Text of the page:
Thanks, sister Wickeds, for featuring it last week!

14 Thoughts

  1. I’m hoping to reorient some readers with my historical series. People see Quaker, they think Amish. No! Very different. So the shorthand can also be deceptive.

    1. I’d never thought of that! Of course, I attended a Quaker school as a child, and my father lived in Lancaster County, PA for many years, so I probably knew more than the average reader. But I’m sure you can straighten people out.

  2. The new cover is fabulous, Sheila! I wouldn’t pick up a book with disturbing images or too much blood. Your cover however draws me right in! My grandfather had an apple orchard on his farm in Missouri so I immediately picture it when I hear the word orchard.

    1. At least I had some input in the cover–the alpacas. Most cozy mysteries have dogs or cats or both on the cover, which is one thing readers look for when searching for cozies. I’ve had both, but also goats and now the alpacas, both of which play a role in the books.

  3. I don’t like apples. However, I love apple pie, apple butter…. Don’t know what it is about raw apples that I don’t like.

    I tend to be drawn to food mysteries, so that hook draws me in faster than some of the other themes around, although I have been broadening my horizons (and my TBR mountain range) in the last couple of years. In that case, it’s often the author who draws me to a series.

    1. You’re not alone. But I want the food to be integral to the story, not just shoved in to make an editor happy. It’s really ironic that I was a picky eater as a child, and now I can’t get enough of farmers’ markets and new foods and restaurants.

  4. I do love the cover. I am definitely drawn in by covers, though I also remember all those Perry Masons my grandparents had with the semi-naked women on the covers–and never, ever any semi-naked women inside. So if I pick up a book because of the cover (and the one for Gala is gorgeous, btw) I always read the description on the cover and a couple of pages.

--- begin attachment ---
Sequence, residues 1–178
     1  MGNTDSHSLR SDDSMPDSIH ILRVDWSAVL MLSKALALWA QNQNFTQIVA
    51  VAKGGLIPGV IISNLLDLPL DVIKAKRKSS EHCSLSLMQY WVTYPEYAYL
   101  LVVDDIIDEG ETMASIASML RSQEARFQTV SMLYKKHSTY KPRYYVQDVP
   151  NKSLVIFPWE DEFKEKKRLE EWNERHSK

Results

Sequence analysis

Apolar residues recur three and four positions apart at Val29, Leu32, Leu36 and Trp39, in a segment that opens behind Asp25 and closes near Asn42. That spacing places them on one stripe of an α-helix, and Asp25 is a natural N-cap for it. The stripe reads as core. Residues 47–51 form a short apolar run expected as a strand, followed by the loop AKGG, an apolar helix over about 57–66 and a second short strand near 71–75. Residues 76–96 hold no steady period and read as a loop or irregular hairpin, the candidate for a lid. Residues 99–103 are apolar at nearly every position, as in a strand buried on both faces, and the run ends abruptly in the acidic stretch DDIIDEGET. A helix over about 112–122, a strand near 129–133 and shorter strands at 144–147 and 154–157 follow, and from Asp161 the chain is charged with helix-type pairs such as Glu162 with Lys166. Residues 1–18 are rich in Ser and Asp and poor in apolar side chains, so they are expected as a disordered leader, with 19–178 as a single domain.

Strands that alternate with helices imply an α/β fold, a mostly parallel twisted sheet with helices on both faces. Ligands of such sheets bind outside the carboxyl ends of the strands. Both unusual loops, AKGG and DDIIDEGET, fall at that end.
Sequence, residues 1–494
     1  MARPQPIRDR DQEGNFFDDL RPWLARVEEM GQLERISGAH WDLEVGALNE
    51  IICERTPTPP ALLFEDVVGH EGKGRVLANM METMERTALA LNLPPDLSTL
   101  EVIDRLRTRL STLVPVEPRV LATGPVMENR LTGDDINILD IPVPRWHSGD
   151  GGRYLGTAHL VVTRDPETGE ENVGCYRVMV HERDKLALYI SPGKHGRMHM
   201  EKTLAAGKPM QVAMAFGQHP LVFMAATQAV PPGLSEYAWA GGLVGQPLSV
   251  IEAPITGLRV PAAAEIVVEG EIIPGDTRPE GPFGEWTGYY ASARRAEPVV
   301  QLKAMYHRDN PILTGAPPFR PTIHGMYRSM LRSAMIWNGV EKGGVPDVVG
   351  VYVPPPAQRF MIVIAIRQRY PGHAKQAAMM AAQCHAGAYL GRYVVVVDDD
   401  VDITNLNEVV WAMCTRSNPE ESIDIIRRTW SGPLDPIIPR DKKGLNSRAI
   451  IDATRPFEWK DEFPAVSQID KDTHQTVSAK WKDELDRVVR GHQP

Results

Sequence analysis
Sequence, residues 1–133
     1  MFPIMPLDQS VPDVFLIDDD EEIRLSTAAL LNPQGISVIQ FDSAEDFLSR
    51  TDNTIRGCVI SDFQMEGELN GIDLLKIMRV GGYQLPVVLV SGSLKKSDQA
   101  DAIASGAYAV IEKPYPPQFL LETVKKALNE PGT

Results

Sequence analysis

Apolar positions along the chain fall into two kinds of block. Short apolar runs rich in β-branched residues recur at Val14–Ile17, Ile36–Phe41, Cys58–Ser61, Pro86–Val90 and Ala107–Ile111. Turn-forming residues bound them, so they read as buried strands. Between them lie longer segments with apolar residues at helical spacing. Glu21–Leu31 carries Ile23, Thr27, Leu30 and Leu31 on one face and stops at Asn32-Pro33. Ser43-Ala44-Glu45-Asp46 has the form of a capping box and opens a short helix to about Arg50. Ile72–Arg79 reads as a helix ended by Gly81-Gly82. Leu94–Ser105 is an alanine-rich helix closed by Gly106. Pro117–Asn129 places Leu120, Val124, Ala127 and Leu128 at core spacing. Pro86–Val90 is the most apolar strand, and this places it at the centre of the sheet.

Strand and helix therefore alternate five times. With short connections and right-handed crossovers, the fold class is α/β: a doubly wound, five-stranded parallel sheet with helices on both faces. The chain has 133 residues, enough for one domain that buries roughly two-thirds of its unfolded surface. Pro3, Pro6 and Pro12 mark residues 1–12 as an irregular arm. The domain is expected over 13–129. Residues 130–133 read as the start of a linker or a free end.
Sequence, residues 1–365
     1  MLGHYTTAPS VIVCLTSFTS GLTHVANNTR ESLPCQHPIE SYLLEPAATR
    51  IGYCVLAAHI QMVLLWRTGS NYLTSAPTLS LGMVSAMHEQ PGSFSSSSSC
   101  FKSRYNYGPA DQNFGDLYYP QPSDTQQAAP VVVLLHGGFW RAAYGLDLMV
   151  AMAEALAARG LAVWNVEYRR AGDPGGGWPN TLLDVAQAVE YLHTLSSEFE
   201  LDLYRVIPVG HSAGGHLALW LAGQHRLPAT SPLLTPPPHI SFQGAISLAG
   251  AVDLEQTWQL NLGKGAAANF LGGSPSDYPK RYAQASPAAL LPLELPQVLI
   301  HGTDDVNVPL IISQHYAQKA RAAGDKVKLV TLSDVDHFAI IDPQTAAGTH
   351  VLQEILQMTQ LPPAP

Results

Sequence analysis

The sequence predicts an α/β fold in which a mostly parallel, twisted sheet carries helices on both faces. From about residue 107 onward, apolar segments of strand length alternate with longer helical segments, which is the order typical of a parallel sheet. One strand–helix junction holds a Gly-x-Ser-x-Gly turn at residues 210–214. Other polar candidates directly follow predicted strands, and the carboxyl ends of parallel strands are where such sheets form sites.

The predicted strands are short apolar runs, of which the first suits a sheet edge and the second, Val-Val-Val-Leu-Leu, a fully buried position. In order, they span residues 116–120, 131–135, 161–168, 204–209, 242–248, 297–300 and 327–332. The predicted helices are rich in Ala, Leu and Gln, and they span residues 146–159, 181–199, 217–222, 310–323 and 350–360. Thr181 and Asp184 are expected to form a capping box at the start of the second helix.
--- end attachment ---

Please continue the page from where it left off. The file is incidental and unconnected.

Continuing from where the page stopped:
I definitely came to the Orchard books because of the New England setting. And the museum books because of the Philadelphia setting. I kept going back because of the characters and the stories.

    1. Thank you, Barb–that’s nice.

      For my Bouchercon panel, I’ve been looking at mystery subgenres, particularly that slippery one known as “literary” mysteries. At the other end of the spectrum is “pulp” and most online definitions refer to the “lurid” covers. (Definitely intended ot catch the eye!) So if pulp fiction with women falling out of their clothes, and guys with fedoras and large guns, are considered “lurid,” what adjective should we choose for cozy covers?

      1. For literary mysteries, I always use the definition that I got from Barbara Leavey though it came from someone else. “A literary mystery is a book you can read multiple times, getting something new out of it every time. In other words, you’ll still read again even after you know whodunnit.” ie books that stand up to the kind of scrutiny and analysis we apply to other forms of literature.

        I think the best response to a cozy cover is, “I want to go there.”

  5. I like both of Barb’s answers. I know I read Gaudy Night at least ten times when I first laid hands on it, and each time I found a new perspective. And what you’re saying about “I want to go there” means the cover is doing its job–drawing you into the story before you even open the book.